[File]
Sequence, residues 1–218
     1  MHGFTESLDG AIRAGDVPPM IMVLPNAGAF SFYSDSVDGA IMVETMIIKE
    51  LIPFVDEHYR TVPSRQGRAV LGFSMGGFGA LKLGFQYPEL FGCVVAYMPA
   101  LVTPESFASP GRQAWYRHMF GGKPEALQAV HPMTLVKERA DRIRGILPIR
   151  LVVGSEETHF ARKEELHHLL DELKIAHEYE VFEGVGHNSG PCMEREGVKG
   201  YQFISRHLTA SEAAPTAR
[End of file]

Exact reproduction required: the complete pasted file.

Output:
Sequence, residues 1–218
     1  MHGFTESLDG AIRAGDVPPM IMVLPNAGAF SFYSDSVDGA IMVETMIIKE
    51  LIPFVDEHYR TVPSRQGRAV LGFSMGGFGA LKLGFQYPEL FGCVVAYMPA
   101  LVTPESFASP GRQAWYRHMF GGKPEALQAV HPMTLVKERA DRIRGILPIR
   151  LVVGSEETHF ARKEELHHLL DELKIAHEYE VFEGVGHNSG PCMEREGVKG
   201  YQFISRHLTA SEAAPTAR